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How the Cavaliers could attack the Warriors defense if Kevin Love sits

Assuming Kevin Love is out one or more games with a concussion, what adjustments should the Cavaliers make to give themselves a fighting chance?

Bob Donnan-USA TODAY Sports

If Kevin Love misses any time, he will leave a usage vacuum in his wake. The Cavaliers have struggled offensively even with his shot creation skills. If he's absent a very different rotation schedule will be required. Let's begin by breaking down the remaining rotation players by how much usage they are capable of absorbing while remaining effective:

Ridiculous usage: LeBron James

Very high usage: Kyrie Irving

High usage: none

Medium usage: J.R. Smith, Channing Frye

Low usage: Matthew Dellavedova, Timofey Mozgov

Very low usage: Tristan Thompson, Iman Shumpert, Richard Jefferson

Calling J.R. and Channing medium usage players is a bit generous, as neither should be much higher than 18 percent ideally. Clearly, then, LeBron and Kyrie will have to shoulder heavy burdens. That being the case, it is necessary to stagger their minutes so that one of them will ALWAYS be on the court. No exceptions.

Let's try to build a rotation that keeps enough usage and spacing on the floor at all times, and ideally wouldn't be a dumpster fire defensively.


(Beginning and end of each half, 24 minutes total)

PG - Kyrie Irving, expected usage of 28 percent

SG - J.R. Smith, expected usage of 18 percent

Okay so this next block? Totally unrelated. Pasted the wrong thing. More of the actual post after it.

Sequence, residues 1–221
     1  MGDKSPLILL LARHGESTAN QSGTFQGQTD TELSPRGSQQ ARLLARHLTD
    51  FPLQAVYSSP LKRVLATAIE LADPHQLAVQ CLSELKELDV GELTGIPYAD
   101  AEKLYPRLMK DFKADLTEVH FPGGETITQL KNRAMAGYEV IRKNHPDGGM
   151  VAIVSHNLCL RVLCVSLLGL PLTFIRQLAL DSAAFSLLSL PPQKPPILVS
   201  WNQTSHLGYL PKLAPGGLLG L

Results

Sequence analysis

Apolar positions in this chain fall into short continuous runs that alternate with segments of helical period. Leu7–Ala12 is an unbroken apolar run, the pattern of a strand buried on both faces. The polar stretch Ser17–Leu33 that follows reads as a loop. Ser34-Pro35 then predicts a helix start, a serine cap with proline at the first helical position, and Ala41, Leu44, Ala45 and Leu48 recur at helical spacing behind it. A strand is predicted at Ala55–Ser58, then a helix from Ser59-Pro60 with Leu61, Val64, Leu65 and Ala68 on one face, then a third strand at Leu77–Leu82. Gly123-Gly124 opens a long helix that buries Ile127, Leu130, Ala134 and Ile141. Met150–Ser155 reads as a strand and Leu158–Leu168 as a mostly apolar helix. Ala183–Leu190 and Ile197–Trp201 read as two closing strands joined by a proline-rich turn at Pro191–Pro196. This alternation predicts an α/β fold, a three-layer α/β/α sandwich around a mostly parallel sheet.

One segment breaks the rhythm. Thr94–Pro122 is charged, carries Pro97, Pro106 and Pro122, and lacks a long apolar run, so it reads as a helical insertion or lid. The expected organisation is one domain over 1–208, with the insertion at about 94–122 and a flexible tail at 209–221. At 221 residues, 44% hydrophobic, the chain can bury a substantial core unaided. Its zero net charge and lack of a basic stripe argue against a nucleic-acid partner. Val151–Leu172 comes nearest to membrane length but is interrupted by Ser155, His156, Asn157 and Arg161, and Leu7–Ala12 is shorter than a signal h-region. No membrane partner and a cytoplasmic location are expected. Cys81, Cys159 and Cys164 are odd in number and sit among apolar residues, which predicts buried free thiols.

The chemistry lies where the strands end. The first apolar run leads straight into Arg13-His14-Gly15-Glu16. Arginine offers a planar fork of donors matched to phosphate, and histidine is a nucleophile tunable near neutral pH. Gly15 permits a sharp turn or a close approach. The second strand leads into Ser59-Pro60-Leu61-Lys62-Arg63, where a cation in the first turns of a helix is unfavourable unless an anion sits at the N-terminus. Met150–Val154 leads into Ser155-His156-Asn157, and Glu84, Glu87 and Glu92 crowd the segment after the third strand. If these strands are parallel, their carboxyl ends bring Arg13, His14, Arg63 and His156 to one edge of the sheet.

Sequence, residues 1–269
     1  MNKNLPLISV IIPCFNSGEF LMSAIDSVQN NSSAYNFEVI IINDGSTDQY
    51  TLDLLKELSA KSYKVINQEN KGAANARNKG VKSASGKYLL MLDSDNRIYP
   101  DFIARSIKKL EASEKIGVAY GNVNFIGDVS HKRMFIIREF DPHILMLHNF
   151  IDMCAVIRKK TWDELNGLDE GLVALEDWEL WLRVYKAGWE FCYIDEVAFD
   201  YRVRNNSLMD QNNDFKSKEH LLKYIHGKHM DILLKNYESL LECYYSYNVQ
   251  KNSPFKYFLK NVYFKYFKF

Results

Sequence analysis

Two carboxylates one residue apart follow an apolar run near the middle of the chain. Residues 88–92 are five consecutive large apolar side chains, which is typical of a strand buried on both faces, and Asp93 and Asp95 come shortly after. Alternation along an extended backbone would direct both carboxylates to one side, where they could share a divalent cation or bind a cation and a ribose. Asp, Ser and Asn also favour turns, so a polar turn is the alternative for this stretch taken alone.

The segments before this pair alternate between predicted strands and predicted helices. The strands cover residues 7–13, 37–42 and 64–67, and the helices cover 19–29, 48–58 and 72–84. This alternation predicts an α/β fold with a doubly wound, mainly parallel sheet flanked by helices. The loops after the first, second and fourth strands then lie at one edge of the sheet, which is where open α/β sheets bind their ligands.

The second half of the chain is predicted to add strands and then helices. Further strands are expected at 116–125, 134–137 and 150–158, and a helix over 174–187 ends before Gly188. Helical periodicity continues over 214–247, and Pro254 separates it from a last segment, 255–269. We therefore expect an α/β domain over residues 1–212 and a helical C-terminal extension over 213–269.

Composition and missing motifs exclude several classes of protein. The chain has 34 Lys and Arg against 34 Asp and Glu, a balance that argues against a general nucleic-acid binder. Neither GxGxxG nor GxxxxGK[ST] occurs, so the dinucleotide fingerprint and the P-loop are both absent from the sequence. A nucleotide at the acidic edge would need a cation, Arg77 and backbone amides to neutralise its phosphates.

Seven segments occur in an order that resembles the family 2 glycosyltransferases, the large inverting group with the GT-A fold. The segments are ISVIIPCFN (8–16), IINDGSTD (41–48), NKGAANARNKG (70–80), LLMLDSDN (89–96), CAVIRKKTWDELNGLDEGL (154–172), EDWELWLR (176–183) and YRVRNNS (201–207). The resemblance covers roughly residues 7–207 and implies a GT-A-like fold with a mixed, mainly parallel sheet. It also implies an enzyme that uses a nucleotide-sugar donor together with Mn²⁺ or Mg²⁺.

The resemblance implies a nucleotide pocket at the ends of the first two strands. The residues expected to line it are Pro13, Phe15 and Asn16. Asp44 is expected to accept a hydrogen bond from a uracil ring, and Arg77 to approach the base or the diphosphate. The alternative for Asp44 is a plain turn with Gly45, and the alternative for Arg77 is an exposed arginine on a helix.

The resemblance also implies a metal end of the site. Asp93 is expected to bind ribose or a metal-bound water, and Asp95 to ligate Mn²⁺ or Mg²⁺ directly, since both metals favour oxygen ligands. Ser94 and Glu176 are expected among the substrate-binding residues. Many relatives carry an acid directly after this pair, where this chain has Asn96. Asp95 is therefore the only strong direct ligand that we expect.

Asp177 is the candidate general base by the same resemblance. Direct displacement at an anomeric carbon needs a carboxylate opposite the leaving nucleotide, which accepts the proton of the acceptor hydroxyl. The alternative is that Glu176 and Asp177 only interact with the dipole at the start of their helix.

SF - LeBron James, expected usage of 28 percent

PF - Tristan Thompson, expected usage of 10 percent

C - Channing Frye, expected usage of 16 percent

This unit played only 38 minutes and 78 possessions together this season. In that brief time, however, they were +22. This group has a very nice balance offensively. Kyrie, J.R. and Channing are all excellent three point shooters. Tristan is one of the best offensive rebounders in the league. And LeBron can attack from a variety of angles with this group:

a) Screen setter in a pick and roll with Kyrie.

J.R. and Channing space the floor, while Tristan lurks along the baseline waiting for an opportunity to dive toward the rim for a lob or an offensive rebound if his man helps toward Kyrie or LeBron.

b) Ball handler in a pick and roll with Tristan.

Pretty straightforward set, with three shooters spacing the floor. Kyrie is very dangerous attacking closeouts in situations like this.

c) Ball handler in a pick and roll with Channing.

Perhaps a better option that Tristan rolling to the rim, as Channing's perimeter gravity will force one defender to stay near the arc instead of chasing LeBron as he drives to the rim.

d) Off-ball during a Kyrie - Tristan pick and roll.

LeBron has immense gravity even when he's off the ball. No, he's not a great spot up shooter, but the threat of him cutting to the rim for a devastating dunk has to be accounted for. The Kyrie-Tristan pick and roll works better as a primary action than the version featuring LeBron as the ball handler. This is because Kyrie is a very real threat to pull up from three, so the two defenders can't simply drop towards the paint. This added threat of a pull up jumper allows more creativity at the point of attack. For example, Tristan could reverse the screen instead of immediately rolling to rim, which can become predictable. It also enables Kyrie to reject the screen altogether, using his quickness and handles to dart to the rim if the opposing big is waiting to meet him on the other side of the screen. These options simply aren't a real threat in the LeBron - Tristan pick and roll.

e) Off-ball during a Kyrie - Channing pick and roll.

This one is a bit tricky, as you have two non-shooters off the ball in LeBron and Tristan. However, putting two guys that can shoot in the primary action can bend a defense in ways that really open things up away from the ball. Golden State uses this to great effect in their offense.

As you can see, this lineup offers a wide array of offensive possibilities. This is important, because the Cavs' offense was very predictable in the first two games of the series.